_ Dr. Vaclav Klaus, economist, Prime Minister from 1993 to 1998 and President of the Czech Republic from 2003 to 2013, CEO, Vaclav Klaus Institute. Garmisch Patenkirchen, 14 April 2023.
The issue of mass migration is more than important. I find it fundamental. It is not a marginal phenomenon. It affects the very basis of our society. Mass migration is changing our society We are in a qualitatively new era of humanity, which I call the migration era. People have always migrated, but you have to distinguish individual migration and mass migration.
The topicality of the phenomenon of mass migration has been kept hidden in the shadows of the Covid epidemic, the Green Deal, the energy crisis and the Ukrainian war in recent years. Migration has advanced significantly during this time, only people had other concerns. Today, the threat associated with mass migration is visible again, as shown for example by the situation in France in recent days.
Now we have not only the old migration. We also have a new migration related to the Ukrainian war. Germans certainly feel this migration too, but the situation in Central and Eastern Europe is much more dramatic. My home country, the Czech Republic, is number one in the whole world in the number of Ukrainian migrants per capita. Ukrainians already make up 5 per cent of the total population in our country. Every tenth inhabitant of the Czech Republic is a foreigner today, which is not so different from Germany.
This fast-growing amount of migrants is changing the atmosphere in the country, in our towns and villages and especially in our schools. I use the word migrants on purpose. Also, from Ukraine – as from all other countries – come not the most affected people, not the really life-threatened, but the more flexible, more adaptive people who are better prepared for migration emotionally and often financially. That is why I say migrants, not refugees. They are, unfortunately, warmly welcomed by the government. Our government today also follows Angela Merkel’s motto: “We can do it” as well as the ideology that goes with it.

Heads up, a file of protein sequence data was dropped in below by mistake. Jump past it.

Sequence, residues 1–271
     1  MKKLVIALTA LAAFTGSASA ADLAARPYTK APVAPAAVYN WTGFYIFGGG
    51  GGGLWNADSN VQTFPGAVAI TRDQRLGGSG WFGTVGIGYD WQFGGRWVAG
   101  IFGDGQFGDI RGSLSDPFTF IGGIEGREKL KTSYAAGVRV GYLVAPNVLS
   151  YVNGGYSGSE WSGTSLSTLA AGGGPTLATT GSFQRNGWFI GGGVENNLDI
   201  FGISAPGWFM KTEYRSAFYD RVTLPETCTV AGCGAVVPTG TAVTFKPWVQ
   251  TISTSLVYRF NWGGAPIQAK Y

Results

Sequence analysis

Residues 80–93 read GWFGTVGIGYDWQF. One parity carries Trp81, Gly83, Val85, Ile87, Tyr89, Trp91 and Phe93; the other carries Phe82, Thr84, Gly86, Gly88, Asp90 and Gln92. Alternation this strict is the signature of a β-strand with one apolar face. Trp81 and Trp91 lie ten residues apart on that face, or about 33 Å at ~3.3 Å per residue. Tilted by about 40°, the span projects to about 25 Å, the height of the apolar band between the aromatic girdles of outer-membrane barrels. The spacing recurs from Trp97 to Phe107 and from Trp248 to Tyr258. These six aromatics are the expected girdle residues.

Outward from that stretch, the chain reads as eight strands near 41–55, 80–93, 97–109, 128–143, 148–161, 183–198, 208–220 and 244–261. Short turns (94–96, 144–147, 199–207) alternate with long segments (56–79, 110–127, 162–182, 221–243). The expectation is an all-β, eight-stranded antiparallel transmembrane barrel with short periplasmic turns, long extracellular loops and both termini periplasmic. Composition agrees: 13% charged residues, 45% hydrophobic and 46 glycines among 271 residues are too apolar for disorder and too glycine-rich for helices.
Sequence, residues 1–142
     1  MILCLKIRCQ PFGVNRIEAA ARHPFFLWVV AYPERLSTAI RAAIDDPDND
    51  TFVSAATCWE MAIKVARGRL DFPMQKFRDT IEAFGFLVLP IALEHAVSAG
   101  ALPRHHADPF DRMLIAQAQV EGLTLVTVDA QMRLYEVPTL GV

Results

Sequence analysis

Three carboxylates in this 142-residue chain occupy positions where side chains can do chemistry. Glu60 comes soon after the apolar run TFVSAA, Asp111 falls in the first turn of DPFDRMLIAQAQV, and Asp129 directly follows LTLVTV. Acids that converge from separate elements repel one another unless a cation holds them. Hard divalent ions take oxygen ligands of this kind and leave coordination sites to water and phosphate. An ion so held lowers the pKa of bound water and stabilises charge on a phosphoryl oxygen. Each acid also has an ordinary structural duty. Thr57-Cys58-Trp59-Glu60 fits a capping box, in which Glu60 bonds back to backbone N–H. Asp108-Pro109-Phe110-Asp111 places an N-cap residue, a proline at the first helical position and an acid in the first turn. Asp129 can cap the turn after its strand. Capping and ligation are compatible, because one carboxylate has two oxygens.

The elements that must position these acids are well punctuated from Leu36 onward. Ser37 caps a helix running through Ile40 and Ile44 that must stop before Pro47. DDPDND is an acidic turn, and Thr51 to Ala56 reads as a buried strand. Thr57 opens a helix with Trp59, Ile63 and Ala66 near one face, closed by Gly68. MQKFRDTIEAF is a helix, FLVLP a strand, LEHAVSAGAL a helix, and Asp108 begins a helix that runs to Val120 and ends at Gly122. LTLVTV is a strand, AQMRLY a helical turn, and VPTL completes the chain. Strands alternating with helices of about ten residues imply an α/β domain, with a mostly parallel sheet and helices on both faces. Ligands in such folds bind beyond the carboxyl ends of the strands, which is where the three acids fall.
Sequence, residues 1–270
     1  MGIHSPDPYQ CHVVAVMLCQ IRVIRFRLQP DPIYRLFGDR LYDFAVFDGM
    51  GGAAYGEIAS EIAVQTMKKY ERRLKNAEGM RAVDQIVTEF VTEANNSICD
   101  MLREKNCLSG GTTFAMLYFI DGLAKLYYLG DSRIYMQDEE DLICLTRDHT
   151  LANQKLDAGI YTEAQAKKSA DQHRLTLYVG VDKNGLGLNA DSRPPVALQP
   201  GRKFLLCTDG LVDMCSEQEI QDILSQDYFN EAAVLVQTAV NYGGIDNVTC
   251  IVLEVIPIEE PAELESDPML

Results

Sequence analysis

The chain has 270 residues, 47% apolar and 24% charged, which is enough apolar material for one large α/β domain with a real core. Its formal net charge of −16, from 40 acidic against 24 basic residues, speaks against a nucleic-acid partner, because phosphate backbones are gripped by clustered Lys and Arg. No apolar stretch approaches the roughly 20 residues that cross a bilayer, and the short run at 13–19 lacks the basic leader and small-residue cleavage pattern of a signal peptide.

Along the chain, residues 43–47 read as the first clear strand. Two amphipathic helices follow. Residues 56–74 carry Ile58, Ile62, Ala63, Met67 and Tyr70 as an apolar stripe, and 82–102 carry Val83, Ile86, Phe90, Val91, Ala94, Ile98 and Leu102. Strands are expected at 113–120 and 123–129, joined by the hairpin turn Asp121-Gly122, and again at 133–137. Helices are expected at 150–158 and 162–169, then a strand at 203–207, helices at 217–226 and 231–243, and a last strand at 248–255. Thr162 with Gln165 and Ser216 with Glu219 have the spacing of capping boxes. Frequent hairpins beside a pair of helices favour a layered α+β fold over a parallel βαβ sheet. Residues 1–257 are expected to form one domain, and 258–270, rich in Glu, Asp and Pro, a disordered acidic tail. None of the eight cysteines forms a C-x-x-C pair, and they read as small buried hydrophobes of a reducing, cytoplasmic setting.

But the certainty that we can really do this is starting to weaken, especially with our current budget deficit and high inflation. In the past, the Czech Republic has not been the main destination for migrants. They have preferred Germany, France and other Western European countries. Therefore, mass migration is something quite new for us. Nevertheless, it is clear that today’s Ukrainian migration was also founded on the well-known principles and that it has similar consequences and implications.
The mass migration of the current era did not fall from the sky. It has been ideologically prepared and pragmatically organized. For a long time now, we have been witnessing the continuous transformation of European society and the gradual elimination of European culture, traditions and values. Mass migration is used as the most important instrument in this process.
I have given many speeches and written essays on this topic around the world in recent years. Together with my colleague Jiří Weigl, we summarized a small book – entitled “Völkerwanderung” – in 2016 and also published it in Germany. The book has since been translated into eight European languages and published there.